The account started as a secret between the two of them, but it has since become a huge success, bringing in over $150,000 a month along with hundreds of thousands of social media followers.
While the new venture has also brought her a boost of joy and self-confidence, her growing popularity on the platform eventually caught the attention of parents at Sacred Heart Parish School.
According to several interviews Crystal has given to media outlets, parents were relentlessly urging that her sons be kicked out of school.
They began harassing her with texts and voicemails bullying her and insulting her family. At one point, she says a group of mothers even printed out her OnlyFans photos and sent them anonymously in a packet to the school principal.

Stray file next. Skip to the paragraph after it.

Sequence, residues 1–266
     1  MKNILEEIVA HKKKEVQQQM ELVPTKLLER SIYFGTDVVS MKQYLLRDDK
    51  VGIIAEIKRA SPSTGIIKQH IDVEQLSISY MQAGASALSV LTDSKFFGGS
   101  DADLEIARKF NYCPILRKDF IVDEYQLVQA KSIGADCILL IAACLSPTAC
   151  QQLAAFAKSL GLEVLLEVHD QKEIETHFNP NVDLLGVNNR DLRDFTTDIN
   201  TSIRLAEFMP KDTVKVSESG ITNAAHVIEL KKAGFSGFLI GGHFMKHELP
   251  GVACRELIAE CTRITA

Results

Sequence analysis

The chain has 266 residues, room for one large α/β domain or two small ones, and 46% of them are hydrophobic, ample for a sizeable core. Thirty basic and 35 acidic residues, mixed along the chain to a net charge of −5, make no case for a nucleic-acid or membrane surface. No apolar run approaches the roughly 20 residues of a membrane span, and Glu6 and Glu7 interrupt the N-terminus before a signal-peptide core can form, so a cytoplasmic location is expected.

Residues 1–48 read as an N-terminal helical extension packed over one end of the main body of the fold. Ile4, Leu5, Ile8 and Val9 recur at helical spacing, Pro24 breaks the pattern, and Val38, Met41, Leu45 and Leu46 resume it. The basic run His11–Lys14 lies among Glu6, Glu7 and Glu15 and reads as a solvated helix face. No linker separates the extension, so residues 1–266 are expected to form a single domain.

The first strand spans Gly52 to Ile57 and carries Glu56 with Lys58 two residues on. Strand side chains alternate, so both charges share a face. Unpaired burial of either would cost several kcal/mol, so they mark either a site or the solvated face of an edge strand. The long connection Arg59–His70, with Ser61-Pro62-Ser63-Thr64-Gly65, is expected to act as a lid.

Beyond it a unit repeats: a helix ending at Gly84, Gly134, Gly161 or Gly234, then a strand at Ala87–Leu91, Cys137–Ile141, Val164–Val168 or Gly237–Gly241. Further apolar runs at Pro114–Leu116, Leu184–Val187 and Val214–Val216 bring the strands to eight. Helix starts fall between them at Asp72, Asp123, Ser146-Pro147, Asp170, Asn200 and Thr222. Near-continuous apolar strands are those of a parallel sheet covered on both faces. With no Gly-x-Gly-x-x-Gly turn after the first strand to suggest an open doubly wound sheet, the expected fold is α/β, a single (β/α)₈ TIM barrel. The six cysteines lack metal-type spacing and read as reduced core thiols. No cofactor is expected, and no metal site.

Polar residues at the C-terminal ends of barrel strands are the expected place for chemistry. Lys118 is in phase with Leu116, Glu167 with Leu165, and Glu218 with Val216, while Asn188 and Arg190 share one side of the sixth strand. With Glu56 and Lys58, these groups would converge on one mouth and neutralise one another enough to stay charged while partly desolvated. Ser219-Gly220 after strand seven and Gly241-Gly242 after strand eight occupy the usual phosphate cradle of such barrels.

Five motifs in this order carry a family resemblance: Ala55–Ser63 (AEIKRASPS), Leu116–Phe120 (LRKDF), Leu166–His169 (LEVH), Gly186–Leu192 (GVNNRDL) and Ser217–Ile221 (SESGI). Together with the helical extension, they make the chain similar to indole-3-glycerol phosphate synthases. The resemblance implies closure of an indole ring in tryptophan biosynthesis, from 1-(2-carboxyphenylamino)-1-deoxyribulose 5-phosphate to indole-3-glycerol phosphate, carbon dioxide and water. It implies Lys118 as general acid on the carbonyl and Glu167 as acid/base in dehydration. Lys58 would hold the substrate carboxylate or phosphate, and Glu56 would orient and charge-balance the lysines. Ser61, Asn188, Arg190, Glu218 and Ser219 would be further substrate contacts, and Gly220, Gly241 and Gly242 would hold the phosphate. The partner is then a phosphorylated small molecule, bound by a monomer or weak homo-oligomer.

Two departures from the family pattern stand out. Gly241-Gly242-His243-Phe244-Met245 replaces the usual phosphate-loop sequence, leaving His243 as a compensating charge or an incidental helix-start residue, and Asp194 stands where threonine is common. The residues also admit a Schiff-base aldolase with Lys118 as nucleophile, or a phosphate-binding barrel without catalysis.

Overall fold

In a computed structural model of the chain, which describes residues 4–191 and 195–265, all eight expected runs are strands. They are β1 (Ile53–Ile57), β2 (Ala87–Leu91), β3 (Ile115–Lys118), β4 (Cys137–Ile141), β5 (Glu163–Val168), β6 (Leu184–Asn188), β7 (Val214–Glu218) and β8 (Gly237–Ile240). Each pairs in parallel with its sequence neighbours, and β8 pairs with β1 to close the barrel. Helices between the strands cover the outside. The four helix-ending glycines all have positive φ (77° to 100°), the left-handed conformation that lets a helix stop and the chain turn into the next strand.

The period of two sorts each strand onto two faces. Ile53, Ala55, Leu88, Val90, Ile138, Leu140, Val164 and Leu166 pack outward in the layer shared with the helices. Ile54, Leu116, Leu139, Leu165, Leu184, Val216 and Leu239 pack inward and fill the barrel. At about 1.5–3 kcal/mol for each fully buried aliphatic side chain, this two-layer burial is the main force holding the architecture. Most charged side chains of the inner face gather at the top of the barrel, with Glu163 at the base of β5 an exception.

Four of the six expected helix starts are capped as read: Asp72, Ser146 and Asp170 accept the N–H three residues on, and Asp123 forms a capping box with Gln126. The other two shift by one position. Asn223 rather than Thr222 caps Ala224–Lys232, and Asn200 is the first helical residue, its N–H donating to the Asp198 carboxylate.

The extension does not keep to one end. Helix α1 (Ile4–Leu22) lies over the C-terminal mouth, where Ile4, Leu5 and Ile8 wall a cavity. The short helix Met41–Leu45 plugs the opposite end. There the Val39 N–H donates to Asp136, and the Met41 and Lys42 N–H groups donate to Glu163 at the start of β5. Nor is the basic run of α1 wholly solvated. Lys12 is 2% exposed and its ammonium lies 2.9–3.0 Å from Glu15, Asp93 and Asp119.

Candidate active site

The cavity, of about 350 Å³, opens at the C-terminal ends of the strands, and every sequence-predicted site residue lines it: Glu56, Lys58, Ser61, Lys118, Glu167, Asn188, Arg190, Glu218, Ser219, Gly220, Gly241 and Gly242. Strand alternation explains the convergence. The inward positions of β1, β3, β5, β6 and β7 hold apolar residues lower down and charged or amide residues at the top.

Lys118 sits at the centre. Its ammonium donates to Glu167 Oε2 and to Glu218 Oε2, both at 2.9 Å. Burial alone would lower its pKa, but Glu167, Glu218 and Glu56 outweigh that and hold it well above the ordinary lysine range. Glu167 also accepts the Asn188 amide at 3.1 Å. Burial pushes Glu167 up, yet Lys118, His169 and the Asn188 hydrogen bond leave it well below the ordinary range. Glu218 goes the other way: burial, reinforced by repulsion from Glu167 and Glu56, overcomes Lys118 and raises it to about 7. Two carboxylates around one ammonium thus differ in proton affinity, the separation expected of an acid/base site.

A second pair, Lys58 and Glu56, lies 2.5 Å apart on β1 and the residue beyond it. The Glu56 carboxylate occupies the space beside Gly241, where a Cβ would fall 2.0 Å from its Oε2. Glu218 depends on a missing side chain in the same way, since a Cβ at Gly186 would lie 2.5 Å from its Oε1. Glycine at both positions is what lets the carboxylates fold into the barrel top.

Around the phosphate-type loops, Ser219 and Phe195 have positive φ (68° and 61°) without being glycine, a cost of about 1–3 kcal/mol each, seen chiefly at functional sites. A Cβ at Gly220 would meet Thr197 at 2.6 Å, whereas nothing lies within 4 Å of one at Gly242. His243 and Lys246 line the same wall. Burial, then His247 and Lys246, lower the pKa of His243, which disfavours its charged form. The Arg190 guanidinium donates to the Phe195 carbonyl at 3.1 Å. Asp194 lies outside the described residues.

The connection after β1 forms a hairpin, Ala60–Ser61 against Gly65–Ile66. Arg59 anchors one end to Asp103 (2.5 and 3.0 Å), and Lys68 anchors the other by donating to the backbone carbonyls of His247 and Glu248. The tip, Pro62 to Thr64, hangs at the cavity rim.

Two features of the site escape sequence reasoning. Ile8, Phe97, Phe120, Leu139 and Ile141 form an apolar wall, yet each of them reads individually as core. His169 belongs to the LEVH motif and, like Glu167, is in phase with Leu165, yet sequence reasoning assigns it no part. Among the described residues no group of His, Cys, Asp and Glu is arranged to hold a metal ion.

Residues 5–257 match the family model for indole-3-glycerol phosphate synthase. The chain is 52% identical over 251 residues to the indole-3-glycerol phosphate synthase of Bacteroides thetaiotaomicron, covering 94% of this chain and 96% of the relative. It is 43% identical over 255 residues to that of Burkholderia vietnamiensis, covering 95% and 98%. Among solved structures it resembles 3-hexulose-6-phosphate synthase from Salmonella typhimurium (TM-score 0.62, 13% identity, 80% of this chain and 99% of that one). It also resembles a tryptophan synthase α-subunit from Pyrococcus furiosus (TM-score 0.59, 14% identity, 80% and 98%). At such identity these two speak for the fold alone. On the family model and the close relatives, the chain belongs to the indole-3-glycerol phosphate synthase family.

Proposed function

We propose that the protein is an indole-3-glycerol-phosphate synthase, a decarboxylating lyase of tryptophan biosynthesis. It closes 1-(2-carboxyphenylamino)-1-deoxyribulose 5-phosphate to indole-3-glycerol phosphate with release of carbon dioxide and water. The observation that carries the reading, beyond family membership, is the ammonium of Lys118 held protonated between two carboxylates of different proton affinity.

Some also reported her to their local priest and bishop and created a Facebook group to gossip about her family.
School Expels Mother’s Three Sons
But the issue escalated Sunday when the school sent her a letter notifying her of its decision.
“Your apparent quest for high-profile controversy in support of your adult website is in direct conflict with what we hope to impart to our students and is directly opposed to the policies laid out in our Parent/Student Handbook,” it read.
“We therefore require that you find another school for your children and have no further association with ours.”
Now, she says the school is working to update their handbook to include a rule that says: “Any parent who is involved in a site or blog that goes against teachings of the church and school philosophy must be removed.”